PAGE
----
So the simple story, whoever made it up, is wrong. There is no correct story because reality is not a story. Also there is no correct reasoning that "proves" that loop gravity is uninteresting or stalled or stuck or at a dead end. This is all pretty clearly in the realm of tendentious mythology.

    But if you, Eigenguy or Jeff or whoever want to study the Thiemann paper or any other to understand what's going on in quantum gravity (not just to prove some preconceived notion) that is great more power to you.
    Last edited: Oct 19, 2003
  9. selfAdjoint

    selfAdjoint 7,521
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    For that Matter even Thiemann didn't run off and hide. He has an almost unbroken string of papers between 1997 and last March. All of it within this little area, if he wasn't actually trying to build the standard model out of E, A, and nets, then he was building newer and better tools to use on that project. I think Jeff was referring not so much to Thiemann's own work as to his dissing of the path integral approach that caught up so many QGists during the last few years.

    I hope we can all get over the childish "my theory is better than your theory" wars that are defacing the web physics sites. What's worse than cranks dissing physics? Physicists dissing physics.
  10. Firstly, I do appreciate your responses. But suppose LQG is more popular than m-theory. Would someone who asks why that might be be a crank and dissing? If it is true that m-theory is more popular and someone points that out would they be a crank even though they don't say that therefore m-theory is the best? Is anyone here saying don't study LQG or are you just interpreting according to emotions wherever they come from? If not I think I deserve to see specific examples of the dissing and defacing you refer to. I think maybe you are not being fair and you and marcus should simply respond to science questions with scientific answers and not defacing site with political posturing and crank attitudes and dissing people who are actually objective and very nice.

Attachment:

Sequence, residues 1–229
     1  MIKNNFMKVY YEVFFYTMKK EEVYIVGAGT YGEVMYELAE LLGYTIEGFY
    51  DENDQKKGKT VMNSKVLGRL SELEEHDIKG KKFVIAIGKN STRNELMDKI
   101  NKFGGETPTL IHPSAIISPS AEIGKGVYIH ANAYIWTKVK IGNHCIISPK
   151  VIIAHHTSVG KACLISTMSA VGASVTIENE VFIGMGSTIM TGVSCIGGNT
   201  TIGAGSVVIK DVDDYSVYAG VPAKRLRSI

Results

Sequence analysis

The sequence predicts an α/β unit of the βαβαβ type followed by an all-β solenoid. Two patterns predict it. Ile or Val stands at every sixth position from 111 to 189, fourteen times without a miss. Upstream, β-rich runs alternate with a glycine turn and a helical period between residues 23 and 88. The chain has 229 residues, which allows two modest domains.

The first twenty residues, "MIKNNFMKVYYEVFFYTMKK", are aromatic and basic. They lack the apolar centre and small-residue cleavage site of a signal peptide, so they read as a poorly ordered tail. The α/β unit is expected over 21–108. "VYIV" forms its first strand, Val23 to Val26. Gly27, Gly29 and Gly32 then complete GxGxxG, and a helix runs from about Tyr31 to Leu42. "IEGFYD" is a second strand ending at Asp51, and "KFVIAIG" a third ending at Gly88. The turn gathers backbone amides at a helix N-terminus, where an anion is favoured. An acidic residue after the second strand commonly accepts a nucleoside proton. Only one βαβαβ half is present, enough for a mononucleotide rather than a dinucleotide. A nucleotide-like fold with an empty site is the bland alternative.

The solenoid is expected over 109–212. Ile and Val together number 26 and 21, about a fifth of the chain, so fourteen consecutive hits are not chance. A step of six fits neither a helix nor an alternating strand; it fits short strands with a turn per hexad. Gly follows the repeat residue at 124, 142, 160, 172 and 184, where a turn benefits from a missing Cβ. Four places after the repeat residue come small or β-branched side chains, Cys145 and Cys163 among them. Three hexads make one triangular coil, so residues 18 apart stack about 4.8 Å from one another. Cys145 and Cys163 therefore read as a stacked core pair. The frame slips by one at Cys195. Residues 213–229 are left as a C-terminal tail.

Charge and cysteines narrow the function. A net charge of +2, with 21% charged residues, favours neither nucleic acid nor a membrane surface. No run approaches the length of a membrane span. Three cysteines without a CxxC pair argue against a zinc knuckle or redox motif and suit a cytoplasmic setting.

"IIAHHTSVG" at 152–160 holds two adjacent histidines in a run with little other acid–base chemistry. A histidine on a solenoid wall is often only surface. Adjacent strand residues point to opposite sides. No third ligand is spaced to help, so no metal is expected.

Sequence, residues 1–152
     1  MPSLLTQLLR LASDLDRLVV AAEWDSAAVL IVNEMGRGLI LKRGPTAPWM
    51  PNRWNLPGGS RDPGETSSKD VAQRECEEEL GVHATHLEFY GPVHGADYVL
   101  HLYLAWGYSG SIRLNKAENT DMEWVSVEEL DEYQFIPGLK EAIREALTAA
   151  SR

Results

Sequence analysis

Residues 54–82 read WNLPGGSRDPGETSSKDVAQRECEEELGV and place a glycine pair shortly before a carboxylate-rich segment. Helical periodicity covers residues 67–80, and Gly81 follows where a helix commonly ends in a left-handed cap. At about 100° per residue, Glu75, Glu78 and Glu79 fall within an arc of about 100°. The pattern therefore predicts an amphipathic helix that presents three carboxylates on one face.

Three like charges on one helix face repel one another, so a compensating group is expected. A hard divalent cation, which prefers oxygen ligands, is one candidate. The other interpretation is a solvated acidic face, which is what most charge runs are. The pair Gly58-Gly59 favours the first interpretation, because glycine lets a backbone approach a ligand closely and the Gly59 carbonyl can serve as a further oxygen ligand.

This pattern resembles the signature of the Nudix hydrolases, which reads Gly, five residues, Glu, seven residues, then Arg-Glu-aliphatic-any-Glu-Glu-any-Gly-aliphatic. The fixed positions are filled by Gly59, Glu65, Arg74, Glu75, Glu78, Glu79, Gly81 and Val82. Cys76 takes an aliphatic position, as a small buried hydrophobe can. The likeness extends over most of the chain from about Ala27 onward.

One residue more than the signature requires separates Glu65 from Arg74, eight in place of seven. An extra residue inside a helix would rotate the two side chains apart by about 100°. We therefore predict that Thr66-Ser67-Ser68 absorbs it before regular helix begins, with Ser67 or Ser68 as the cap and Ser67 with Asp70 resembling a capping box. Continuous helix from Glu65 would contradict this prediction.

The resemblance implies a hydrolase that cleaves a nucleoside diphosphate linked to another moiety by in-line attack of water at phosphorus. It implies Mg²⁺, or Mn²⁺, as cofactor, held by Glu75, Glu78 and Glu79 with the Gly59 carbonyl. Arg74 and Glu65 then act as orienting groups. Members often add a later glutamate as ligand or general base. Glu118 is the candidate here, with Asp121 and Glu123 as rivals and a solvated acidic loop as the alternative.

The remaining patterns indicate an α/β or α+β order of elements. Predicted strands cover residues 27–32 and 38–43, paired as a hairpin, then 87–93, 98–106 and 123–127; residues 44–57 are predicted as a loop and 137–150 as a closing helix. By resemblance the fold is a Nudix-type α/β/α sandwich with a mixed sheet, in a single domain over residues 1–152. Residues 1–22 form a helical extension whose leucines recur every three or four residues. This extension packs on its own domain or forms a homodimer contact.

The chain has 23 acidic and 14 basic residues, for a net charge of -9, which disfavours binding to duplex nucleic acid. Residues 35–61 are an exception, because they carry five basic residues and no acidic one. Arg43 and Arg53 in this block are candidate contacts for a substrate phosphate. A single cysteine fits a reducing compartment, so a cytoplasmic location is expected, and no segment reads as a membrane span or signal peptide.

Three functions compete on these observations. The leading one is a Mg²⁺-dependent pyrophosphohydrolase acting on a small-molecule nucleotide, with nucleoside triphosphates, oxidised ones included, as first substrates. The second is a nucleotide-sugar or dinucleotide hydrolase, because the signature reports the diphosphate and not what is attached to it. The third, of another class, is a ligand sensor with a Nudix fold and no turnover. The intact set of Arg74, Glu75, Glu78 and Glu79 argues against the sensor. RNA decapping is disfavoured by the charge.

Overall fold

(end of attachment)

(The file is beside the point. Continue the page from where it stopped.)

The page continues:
I assume that there are research papers on LQG that you like very much and would like people to read. I don't mean comparisons with m-theory since I agree that playing my theory is better than your theory is no good. I haven't played this game since all I asked was for justification of what I heard at a lecture which was LQG is not popular like m-theory. I never said that m-theory is better since I don't understand either theory and I was just looking for some guidance on why LQG is not so popular as m-theory. Maybe LQG is more popular. if so I would be interested in hearing that and understanding why (I am not saying that popularity is the bottom line. But I have to decide which theory to spend time on and if no one will give me a good answer to my questions what else do I have to go on but what most experts think). Also, the comparisons of LQG with m-theory is written by LQG not m-theory people so maybe LQG people like to play my theory is better than your theory?